Teacher Effectiveness and Policy Designs on Teachers' Labor Market
The effectiveness of teachers has been a focal point of many educational policies, such as teacher accountability policies, teacher performance pay schemes, and measures to recruit and retain effective teachers in schools with more disadvantaged students. A major complication for successfully implementing these policies is the fact that teacher effectiveness is not easily observable. This project first examines how providing more transparent information about teacher effectiveness may affect teacher-school sorting patterns and the achievement of students from different backgrounds. Then, the project investigates how to improve the design of policies, such as teacher performance pay schemes, when teacher effectiveness becomes transparent information.
By exploiting the differential implementation timing of a rigorous teacher evaluation system and a merit pay system in a large school district, as well as changes in specific components of each policy over time, this project first analyzes how teacher sorting across schools, teacher effort, and student outcomes responds to these policy changes. Reducing information friction may, on the one hand, enhance assortative teacher-school sorting and widen the achievement gap across schools with different compositions of students. On the other hand, it may induce teachers to exert more effort and encourage effective teachers to enter the market. Therefore, it is possible to improve both overall student achievement and educational equality with well-designed policy interventions. The second part of this project builds and estimates an equilibrium model of the teachers’ labor market with information friction, exploiting policy variation for identification. The estimated model is used to study counterfactual policy interventions that are supplemented with teacher evaluation programs, such as the design of a cost-effective merit pay system that rewards teachers for being effective and for teaching in disadvantaged schools.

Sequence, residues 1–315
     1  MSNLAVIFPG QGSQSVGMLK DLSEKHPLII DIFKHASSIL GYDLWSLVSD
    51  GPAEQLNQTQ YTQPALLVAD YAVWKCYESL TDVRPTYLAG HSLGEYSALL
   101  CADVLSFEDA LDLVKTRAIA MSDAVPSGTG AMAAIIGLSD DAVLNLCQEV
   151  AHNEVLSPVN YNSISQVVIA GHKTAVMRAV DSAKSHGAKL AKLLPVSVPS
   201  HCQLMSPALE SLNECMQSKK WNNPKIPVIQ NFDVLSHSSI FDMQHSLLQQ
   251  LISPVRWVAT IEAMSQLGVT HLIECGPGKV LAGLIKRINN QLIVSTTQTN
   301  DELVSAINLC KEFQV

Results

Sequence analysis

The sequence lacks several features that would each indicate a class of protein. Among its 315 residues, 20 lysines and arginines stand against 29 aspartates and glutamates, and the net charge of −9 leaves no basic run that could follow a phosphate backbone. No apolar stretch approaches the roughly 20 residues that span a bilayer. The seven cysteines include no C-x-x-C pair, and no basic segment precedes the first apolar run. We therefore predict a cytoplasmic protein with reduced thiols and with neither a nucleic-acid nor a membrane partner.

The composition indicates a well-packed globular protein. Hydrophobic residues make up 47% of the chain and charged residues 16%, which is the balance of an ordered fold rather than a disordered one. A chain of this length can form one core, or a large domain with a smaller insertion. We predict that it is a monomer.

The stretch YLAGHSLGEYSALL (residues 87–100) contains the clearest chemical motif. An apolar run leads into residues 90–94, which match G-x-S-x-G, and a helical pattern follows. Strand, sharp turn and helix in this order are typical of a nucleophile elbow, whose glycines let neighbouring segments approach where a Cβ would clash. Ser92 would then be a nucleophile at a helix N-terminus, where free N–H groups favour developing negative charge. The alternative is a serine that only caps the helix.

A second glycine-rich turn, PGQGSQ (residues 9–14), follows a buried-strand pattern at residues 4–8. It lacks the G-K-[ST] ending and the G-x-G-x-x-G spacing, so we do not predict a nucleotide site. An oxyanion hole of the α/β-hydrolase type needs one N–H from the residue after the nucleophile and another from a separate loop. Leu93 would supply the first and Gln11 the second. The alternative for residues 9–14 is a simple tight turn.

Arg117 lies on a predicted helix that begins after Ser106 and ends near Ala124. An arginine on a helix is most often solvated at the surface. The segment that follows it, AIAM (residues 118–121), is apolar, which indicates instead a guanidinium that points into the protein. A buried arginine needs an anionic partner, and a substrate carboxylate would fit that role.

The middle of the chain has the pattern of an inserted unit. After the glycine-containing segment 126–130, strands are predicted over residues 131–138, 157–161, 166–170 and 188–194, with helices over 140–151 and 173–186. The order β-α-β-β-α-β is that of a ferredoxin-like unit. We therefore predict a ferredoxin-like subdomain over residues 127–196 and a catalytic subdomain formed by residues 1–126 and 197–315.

Supported by the National Science Foundation grant #1947674
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